Have you ever thought your street in Paris could use a little more greenery? Maybe a few flower pots or a bit of ivy to cover an ugly wall? Or why not a few climbing tomato plants against a park fence? Bust out those rubber boots, urban gardening is easier than you think with the City of Paris initiative to let residents green their own neighborhood.
Want to plant your own urban”verger” (orchard)?
The City of Paris has decided to encourage its residents to participate in the greening of their own neighborhood with the initiative known as “Végétalisons Paris!” This allows anyone with a well-defined project to apply for a free planning permit – permis de végétaliser – to add a touch of green the city’s public spaces. The process itself is quite simple: fill out and submit the request form with details of what you’d like to do, and if it gets approved you’ll receive your permit within one month, valid for three years (with option to renew).
So what kinds of projects are allowed? “All ideas are welcome,” according to the Mairie’s website, but they do require you to sign a charter that promises you’ll use only native species and flowering plants attractive to bees and butterflies that promote biodiversity (recommended plants here), that you won’t use toxic pesticides, and that you will maintain your plantings so they’re tidy and “aesthetically pleasing.”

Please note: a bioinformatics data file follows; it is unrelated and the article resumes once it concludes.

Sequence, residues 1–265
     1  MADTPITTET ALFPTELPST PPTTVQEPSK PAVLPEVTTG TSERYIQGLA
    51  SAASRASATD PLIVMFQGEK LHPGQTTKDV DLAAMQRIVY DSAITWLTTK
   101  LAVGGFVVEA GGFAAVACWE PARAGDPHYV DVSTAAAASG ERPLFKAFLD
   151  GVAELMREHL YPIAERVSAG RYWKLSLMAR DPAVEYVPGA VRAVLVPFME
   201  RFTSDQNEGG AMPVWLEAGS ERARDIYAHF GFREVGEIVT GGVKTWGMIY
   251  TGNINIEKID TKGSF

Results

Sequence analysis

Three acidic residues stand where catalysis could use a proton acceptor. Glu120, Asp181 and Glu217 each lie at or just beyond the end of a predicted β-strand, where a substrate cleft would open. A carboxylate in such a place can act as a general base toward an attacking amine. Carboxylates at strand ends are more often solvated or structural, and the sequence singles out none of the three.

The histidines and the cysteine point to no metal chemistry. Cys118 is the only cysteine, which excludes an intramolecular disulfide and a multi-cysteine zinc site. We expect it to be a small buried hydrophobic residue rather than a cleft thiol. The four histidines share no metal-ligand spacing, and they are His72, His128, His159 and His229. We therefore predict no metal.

Flowers at the base of a tree in the 20th arrondissement.
Some participants have planted herbs at the base of trees, placed a few potted flowers outside their building, installed planters for tomatoes and peas, or created little “potelets fleuris,” pots of flowers attached to the poles along the sidewalks. Here is a great selection of photos from some projects around Paris. Keep in mind you’ll need to maintain and water your plantings, so start small and keep it as close to your building as possible.
A small vegetable planter with anti-pigeon netting near Place de la Bastille, 4th
If you’re going to use planters or need other supports, there’s no need to invest a lot of money. Some neighborhood associations have gotten creative with reusing recuperated wooden pallets or recycled detergent jugs. If you’re starting from scratch, planting starter kits with potting compost and seeds are also available from the Mairie on request.
For more information and inspiration there’s an excellent printed guide detailing the different options for the Permis de Végétaliserthat you can read sur place at the adorable Maison de Jardinage in Bercy Park (12th, M° Bercy, open Tues-Sun 1:30-5pm).
All of the links for this article are to French websites, but if you’re interested in learning about the many other interesting “green” initiatives by the City of Paris, you can read the English version of the COP21 Special Edition of à Paris Magazine (print version also available at the Maison du Jardinage).